~ By Cherian George ~
Singapore sometimes seems like a metropolis in search of a kampung spirit. And I don’t mean in a good way, like being caring and considerate – if you’ve seen how Singaporean drivers respond to an ambulance behind them (they don’t) you’d realise that when Gotong Royong 101 was being taught in kindergarten, they were probably absorbed in mental sums and other essential skills to get ahead of the pack.
No, the kampung spirit that we Singaporeans are cultivating is instead a kaypoh-ish petty-mindedness; a small-town mentality that tells us that no event is too trivial to turn into a national issue.
You may have heard of that classic formulation of headline news: if it bleeds, it leads. But since Singapore is not a particularly violent society, our scandal-seekers have had to make the most of the merely unpleasant. Their twist on the newsman’s mantra is: if it offends, it trends.
With the Internet, there is no shortage of anti-social words and actions to dissect and discuss if you are so inclined. Now, instead of limiting yourself to gossiping about what you saw through the window of your neighbour’s home as you walked by, you have hundreds of thousands of Facebook walls where people obligingly make fools of themselves.
So it is that Singapore – one of the world’s great entrepôts and financial centres, with dreams of being a world city like New York or London – works itself into a tizzy over inconsequential internet indiscretions of insignificant individuals almost every week.
Our mainstream media are contributing to this provincialism. But independent news websites are playing the leading role in setting the agenda. Since they do not have the resources to investigate official malfeasance, they seem to have latched onto the formula of doing exposes of individual idiocy.
Readers like me who subscribe (for now) to RSS feeds of the likes of Temasek Times in the hope that they will tell me something important that the mainstream media aren’t, find ourselves receiving a steady diet of news concerning the silly things that random persons happen to be doing online. Welcome to kampung Singapore.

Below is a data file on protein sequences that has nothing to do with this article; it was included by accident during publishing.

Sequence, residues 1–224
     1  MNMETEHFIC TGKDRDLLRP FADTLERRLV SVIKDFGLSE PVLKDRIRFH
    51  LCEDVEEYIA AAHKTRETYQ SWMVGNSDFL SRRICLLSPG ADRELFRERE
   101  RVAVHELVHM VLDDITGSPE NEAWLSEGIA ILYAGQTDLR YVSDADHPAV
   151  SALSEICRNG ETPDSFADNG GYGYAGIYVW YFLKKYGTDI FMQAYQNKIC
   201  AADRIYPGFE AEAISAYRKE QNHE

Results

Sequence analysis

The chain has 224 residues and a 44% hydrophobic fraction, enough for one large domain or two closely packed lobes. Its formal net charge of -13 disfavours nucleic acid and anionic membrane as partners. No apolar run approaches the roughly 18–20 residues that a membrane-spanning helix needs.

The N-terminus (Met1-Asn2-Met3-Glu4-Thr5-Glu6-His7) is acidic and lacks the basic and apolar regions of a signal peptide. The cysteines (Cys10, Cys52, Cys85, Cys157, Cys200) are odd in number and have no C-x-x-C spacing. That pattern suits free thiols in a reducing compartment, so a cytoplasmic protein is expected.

With the F-U-gate scandal, we’ve reached a new low. A 17-year-old junior college kid flames the Deputy Prime Minister and it becomes a national event.
Has our fascination for the frivolous gone too far, I wonder. After the latest controversy, Yahoo! News asked me if it was time for an Internet code of ethics. Perhaps it is. But not the kind of code you think. I think it’s time for readers to exercise more responsibility. Here’s the kind of thing that could go into an Internet consumer code:
- We will finally wake up to the idea that the Internet contains all the wonder and weirdness of the world, and we’ll stop reacting to the less pleasant stuff as if it is the end of human civilisation.
- We will remind ourselves that teenagers are – like they always have been and always will be – basically daft. We’ll leave it to their parents, teachers and peers to set them right, and give them amnesty till they are 21. We won’t repeat the stuff that they’ll regret when they are adults, and we’ll avoid publicising their names.
- We won’t exploit private individuals’ online mistakes as ammunition in our battles against groups we don’t like. Whether we want to prove the case for more censorship, or to embarrass the political party that they belong to, to tarnish the immigration policies that brought them here, to show how intolerant some religious groups are, or how immoral some communities are, we won’t crucify random duds who did something silly online.
- If we think there’s nothing good on the Internet, we will go read a book. If we think there’s both good and bad, we’ll do our part to help the good go viral and let the bad sink into oblivion – instead of the reverse.
- We will use our smarts to decide what we really need to get worked up about. We’ll treat trolleys on buses as trivia; and focus more attention on climate change and Millennium Development Goals, on Syria, Sudan… and, all right, Euro 2012.
TOC thanks Cherian George for his contribution, this article first appeared on his blog. Cherian George is an Associate Professor at the Wee Kim Wee School of Communication and Information, Nanyang Technological University and an Adjunct Senior Research Fellow at the Institute of Policy Studies.